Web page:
Be curious about others’ lives. Ask them engaging questions. Be compassionate and caring. And, always keep in mind how your personal strengths can positively impact the others.

Author:

Cassie is a May 2009 University of Wisconsin-Madison Ag Journalism graduate. She recently unfolded her passion for public relations during her short stint as a PR consultant for a Madison, Wis. area non-profit and is looking to dive into the field professionally. Find Cassie on TwitterBrazenCareerist, and LinkedIn.

Related posts:

  1. Personal Branding Basics: It’s All About Communication
  2. 10 Personal Branding Books
  3. The Mental Game Behind Personal Branding

8 Responses to “Personal Branding: It’s Not All About You”

  1. [...] This post was mentioned on Twitter by Bryan Cromlish, Jason Berek-Lewis. Jason Berek-Lewis said: RT @DanSchawbel StudentBrandingBlog/ Personal Branding: It’s Not All About You http://bit.ly/8SyQd5. My blog on this: http://bit.ly/5W3SPE. [...]

  2. avatar Lynn Hector says:

    I think Cassie has a great point. As a public relations senior at the University of Oregon, I am constantly immersed in the topic of personal branding as a way to begin defining myself as an asset to the public relations industry. So often we frame our personal branding as what we have accomplished, not what we can offer. Humility will indeed be noticed and this is a great reminder of that.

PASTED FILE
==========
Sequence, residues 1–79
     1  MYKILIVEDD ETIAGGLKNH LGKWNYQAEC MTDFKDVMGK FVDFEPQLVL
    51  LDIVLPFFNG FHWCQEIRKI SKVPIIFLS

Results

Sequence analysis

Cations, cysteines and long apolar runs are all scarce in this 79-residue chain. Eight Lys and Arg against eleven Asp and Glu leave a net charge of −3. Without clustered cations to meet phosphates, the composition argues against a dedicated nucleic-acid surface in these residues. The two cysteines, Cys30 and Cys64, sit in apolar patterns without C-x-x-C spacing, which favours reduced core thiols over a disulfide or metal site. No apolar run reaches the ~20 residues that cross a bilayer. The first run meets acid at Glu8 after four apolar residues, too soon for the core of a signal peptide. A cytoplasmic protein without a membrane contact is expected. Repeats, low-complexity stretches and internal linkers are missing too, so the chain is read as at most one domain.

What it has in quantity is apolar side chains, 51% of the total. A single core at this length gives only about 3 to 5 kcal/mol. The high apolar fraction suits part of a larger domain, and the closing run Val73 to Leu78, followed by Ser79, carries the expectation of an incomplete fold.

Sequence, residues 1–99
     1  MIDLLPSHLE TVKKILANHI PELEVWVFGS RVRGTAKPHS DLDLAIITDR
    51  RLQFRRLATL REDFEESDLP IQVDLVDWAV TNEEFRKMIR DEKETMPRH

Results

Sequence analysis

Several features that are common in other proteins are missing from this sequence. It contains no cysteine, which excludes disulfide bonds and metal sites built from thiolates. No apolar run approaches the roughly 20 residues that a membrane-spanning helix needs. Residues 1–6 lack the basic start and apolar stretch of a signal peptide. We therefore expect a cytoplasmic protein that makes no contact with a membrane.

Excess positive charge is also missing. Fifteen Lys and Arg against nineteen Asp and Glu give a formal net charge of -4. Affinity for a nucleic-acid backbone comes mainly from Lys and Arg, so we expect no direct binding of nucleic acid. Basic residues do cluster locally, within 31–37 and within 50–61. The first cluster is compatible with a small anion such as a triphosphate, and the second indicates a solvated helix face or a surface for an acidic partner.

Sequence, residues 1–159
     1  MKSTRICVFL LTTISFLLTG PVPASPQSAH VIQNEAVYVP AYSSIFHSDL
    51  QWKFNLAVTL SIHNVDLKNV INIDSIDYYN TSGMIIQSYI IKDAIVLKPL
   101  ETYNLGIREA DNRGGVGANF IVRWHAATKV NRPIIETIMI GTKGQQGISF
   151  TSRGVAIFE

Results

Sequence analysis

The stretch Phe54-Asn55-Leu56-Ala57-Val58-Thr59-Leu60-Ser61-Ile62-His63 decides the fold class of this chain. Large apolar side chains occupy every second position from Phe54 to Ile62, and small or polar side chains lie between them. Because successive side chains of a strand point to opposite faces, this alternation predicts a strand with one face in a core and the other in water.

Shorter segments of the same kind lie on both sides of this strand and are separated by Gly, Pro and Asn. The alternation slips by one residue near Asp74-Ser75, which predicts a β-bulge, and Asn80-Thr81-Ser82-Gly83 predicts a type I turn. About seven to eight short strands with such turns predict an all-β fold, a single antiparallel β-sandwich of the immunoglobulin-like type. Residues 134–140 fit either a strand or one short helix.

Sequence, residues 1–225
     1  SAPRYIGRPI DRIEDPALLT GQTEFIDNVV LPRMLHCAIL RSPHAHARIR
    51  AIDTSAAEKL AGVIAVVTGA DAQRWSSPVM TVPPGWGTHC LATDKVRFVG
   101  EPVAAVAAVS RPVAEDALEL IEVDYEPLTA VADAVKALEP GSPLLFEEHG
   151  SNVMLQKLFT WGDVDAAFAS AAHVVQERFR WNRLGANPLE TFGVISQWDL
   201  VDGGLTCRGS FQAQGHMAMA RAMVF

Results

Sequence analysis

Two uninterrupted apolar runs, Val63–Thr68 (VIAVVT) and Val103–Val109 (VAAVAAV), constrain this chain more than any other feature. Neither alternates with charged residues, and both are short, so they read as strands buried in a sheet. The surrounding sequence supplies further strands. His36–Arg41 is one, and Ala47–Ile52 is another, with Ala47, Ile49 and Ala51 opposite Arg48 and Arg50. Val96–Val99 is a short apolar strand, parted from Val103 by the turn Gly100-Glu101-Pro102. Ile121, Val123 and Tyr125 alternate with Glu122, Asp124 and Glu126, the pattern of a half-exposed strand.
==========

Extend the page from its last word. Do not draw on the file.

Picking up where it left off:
3. avatar Annelie Näs says:

    Great point. I just want to share some thoughts on when this get’s a bit extreme. You see, I’m Swedish, and in Sweden people tend to believe in “Jantelagen” here is an explanation: http://interestingclouds.wordpress.com/2008/02/07/jantelagen-its-a-scandinavian-thing/ Basically, we are not allowed to be openly proud of what we do. However, it is ok if I “brag” about someone else. But coming from this, and later living in America. I have been working really hard to find a balance, between being proud but never saying to much. It a fine line, and sometimes I feel to Swedish in America and to American in Sweden. But I’m working on it. Thanks for sharing your thoughts about this, and congratulations on you new job!